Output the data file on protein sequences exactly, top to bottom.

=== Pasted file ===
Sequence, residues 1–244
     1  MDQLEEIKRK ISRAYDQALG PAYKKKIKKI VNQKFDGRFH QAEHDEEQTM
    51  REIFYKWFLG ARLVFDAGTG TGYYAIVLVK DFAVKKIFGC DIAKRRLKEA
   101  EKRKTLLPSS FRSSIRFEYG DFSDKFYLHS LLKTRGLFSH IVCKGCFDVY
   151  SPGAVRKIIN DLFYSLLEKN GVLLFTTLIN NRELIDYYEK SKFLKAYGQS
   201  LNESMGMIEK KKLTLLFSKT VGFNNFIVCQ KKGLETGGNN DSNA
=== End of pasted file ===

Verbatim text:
Sequence, residues 1–244
     1  MDQLEEIKRK ISRAYDQALG PAYKKKIKKI VNQKFDGRFH QAEHDEEQTM
    51  REIFYKWFLG ARLVFDAGTG TGYYAIVLVK DFAVKKIFGC DIAKRRLKEA
   101  EKRKTLLPSS FRSSIRFEYG DFSDKFYLHS LLKTRGLFSH IVCKGCFDVY
   151  SPGAVRKIIN DLFYSLLEKN GVLLFTTLIN NRELIDYYEK SKFLKAYGQS
   201  LNESMGMIEK KKLTLLFSKT VGFNNFIVCQ KKGLETGGNN DSNA